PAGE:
It’s not one of the movies with the 1960s “Star Trek” cast, nor any of the “Next Generation” films (that his character Wesley Crusher was so infamously almost left completely out of), nor any of the recent early generation films.
It’s “Galaxy Quest,” one of the best spoofs on the fans of sci-fi franchises and the phenomenon that created conventions and Comic-Con (which Wheaton of course will be attending at the end of the month in Sand Diego.)
“They had to use a legally-different show, but it’s all very similar,” Wheaton says. “I think ‘Galaxy Quest’ is the best of the Star Trek movies ever made.”
He signed autographs for young fans and talked some geeky sci-fi talk with some of the older folk, like us.
Loretta Rodriguez told him about bringing her 12-year-old son Joey to an event and taking a picture with Wheaton when Joey was just a baby. Now she has a daughter too, and Joey is nearing Wil’s 5-foot-11 height. She told the actor that she would be attending Comic-Con with her family, and of course Wil will be there, too.
“It’s weird to be in a situation where I can meet little humanoids like this who have grown up over that time when I was on the show,” Wheaton smiles. “Time goes so fast.”
Wheaton is soon to be 42, (on July 29) and he was Wesley Crusher on “Star Trek: The Next Generation” when he was 14. He lives nearby in Pasadena with his wife, Anne and two children, and many of the younger audience know him from his appearances as himself on “The Big Bang Theory” (and his show-down with Sheldon).
He talked to me about his new SyFy Channel show “The Wil Wheaton Project” where he gives insights about the inside goings-on in the sci-fi world in a fun an entertaining way. He’s getting glowing reviews about how funny the show is, and he doesn’t mind the recent show's switch over to Tuesday nights.
He tells Examiner that he wishes that the ratings were higher, and he isn’t yet sure if they will be asking for more episodes.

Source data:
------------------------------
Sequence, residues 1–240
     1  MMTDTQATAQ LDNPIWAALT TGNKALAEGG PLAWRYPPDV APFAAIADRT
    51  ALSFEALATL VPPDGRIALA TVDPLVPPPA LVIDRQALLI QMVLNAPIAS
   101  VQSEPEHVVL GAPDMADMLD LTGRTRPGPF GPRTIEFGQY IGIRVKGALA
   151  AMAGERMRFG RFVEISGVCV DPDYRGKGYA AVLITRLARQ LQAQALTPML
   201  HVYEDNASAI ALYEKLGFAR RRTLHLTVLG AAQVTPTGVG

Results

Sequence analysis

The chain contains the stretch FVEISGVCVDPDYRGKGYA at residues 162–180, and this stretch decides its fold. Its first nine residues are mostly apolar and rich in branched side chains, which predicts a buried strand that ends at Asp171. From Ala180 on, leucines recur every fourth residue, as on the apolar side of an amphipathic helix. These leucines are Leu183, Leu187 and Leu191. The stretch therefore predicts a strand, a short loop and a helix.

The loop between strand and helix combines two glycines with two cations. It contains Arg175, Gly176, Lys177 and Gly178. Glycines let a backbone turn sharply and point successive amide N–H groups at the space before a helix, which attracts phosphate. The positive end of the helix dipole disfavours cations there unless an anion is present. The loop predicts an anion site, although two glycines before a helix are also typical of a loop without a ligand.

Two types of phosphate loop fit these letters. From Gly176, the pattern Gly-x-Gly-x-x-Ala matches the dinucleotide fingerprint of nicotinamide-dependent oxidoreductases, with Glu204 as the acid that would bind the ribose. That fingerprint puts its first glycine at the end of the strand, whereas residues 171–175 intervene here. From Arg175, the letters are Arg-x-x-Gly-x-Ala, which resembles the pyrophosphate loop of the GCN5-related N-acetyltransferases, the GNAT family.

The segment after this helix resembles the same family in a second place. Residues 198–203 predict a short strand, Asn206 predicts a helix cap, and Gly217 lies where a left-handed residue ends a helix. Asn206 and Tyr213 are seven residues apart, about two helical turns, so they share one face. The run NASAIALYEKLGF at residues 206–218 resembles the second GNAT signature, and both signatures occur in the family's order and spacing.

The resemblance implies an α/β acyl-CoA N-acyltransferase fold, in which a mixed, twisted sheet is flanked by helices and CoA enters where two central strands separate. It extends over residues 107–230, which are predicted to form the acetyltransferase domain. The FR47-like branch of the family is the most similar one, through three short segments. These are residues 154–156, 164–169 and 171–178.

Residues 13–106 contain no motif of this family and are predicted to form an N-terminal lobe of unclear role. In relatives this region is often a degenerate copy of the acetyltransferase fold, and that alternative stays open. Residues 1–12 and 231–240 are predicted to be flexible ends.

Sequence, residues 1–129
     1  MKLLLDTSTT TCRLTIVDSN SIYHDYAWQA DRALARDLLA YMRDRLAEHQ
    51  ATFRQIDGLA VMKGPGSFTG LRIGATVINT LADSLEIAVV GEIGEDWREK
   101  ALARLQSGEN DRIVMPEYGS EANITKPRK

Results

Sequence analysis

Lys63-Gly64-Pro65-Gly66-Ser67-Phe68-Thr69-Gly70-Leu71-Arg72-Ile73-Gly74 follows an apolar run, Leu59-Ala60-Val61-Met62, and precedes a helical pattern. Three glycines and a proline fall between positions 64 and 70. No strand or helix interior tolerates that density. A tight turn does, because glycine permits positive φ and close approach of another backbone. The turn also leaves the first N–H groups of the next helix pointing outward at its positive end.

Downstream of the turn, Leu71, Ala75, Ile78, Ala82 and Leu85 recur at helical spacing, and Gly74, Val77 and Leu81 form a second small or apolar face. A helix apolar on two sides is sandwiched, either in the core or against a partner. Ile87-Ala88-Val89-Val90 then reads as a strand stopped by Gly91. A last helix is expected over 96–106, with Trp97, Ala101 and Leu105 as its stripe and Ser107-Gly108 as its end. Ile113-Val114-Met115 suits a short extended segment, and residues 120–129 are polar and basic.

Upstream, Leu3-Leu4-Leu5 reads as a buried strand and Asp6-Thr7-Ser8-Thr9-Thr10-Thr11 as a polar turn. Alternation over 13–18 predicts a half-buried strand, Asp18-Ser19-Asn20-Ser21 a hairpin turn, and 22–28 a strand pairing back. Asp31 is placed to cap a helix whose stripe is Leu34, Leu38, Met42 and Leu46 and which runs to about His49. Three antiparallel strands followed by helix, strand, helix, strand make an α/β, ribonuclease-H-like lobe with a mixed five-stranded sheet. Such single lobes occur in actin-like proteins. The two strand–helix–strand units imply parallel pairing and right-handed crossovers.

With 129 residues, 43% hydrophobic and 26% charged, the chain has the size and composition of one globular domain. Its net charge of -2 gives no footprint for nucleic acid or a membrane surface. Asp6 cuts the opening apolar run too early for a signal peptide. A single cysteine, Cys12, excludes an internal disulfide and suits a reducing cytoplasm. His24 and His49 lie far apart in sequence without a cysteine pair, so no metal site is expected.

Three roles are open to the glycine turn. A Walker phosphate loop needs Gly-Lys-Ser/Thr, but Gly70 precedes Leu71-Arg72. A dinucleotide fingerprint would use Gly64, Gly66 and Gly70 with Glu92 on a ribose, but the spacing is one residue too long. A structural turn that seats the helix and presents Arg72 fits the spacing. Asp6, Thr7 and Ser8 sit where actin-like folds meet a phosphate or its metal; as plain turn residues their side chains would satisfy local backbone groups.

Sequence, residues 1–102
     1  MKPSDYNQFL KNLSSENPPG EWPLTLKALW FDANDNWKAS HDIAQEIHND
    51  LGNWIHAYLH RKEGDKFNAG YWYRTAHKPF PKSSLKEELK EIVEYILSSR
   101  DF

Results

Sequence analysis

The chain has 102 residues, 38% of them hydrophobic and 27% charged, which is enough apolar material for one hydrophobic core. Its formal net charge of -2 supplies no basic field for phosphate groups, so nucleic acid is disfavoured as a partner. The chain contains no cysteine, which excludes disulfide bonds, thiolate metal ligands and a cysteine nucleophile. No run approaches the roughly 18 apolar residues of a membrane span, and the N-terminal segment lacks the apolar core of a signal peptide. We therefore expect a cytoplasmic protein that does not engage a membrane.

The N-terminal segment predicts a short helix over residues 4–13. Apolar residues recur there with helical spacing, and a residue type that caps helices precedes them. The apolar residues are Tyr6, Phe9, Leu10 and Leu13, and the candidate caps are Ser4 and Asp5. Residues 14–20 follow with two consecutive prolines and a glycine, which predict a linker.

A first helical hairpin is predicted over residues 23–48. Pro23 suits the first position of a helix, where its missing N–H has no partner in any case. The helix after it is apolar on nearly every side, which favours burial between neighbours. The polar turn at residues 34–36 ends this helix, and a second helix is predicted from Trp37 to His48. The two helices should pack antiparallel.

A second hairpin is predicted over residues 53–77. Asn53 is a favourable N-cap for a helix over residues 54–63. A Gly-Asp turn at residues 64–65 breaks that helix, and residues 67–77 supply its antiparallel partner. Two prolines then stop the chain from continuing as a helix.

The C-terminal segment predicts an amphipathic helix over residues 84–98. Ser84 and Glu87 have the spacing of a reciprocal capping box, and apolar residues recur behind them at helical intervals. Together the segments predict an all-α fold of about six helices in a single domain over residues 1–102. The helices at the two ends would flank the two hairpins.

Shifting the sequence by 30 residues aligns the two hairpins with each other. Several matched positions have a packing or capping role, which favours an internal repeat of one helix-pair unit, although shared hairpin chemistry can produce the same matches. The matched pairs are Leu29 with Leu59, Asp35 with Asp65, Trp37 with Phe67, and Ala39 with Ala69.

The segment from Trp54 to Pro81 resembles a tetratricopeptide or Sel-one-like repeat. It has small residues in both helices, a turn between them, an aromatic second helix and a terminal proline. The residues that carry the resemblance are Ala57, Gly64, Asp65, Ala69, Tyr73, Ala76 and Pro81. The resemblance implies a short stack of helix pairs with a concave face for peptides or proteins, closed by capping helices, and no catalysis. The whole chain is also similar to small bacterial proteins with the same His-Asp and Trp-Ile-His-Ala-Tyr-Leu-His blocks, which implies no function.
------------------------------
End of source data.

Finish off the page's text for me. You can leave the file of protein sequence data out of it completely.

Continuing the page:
“I don’t really have much control over what day they put it on or the time, and I’m not going to stress over the ratings, I’m just focusing on the creative end,” says Wheaton. “I’ve gotten it to a place that I wanted it to be, with great guests dropping in (like Chris Hardwick and Seth Green). I feel like it’s a good blend of irreverence, silliness, cleverness and actual information that’s entertaining and interesting. We have our silly TV theme songs, games like How Will They Bite It and it’s landing on the audience exactly the way we hoped that they would.”
See “The Wil Wheaton Project” on Tuesdays at 9 p.m.- 9:30 p.m. on SyFy Channel
The Burbank Central Library is having its share of sci-fi events this summer for all ages including a Science Fiction Readers Theater starring Burbank teens of “The Hitchhiker’s Guide to the Galaxy” on July 15, and a Summer Reading Program for Grown-ups including movies set in novel destinations. (See: yathinkbpl.blogspot.com)
The librarians were delighted to have Wheaton introduce the 1999 “Galaxy Quest” that stars Tim Allen, Alan Rickman and Sigourney Weaver as stars of an old sci-fi TV show that has rabid fans, including aliens who thought the TV shows were archives and actually built the spaceship.
Wheaton—who has an impressive career including “Stand By Me,” “Neverland,” TV’s “Eureka” and lots of cartoon voices—is not in “Galaxy Quest,” but there’s a boy genius engineer (who gets all grown up) played by Daryl Mitchell who seems modeled after Wesley Crusher.
“The message of the movie is to work together to make the world better. The actors are so successfully connected to their characters that it is with them for the rest of their lives, just like Star Trek. Star Trek fans are not casual fans. They LOVE Star Trek!” Wheaton says.
He talked about his continuing friendship with Patrick Stewart, who played Enterprise Captain Jean-Luc Picard, and who has gone on to the “X-Men” film franchise, but tells Wheaton that “almost every day people come up and talk to him about Captain Pickard.”
And yes, Wheaton says, “I get people still coming up to me and talking to me as if I were Wesley Crusher that I played when I was 14."
“These characters ( in "Galaxy Quest") are forced into a situation where they have to really be the heroes they have pretended to be,” Wheaton says. “Every single person can be a hero. Some else just has to rise to the challenge to be heroic and to help someone else.”
He looked over the young people at the Burbank Library crowd and said, “Generally it’s about people setting aside differences and triumphing over the petty selfish people. So, young people— go out and be awesome!”
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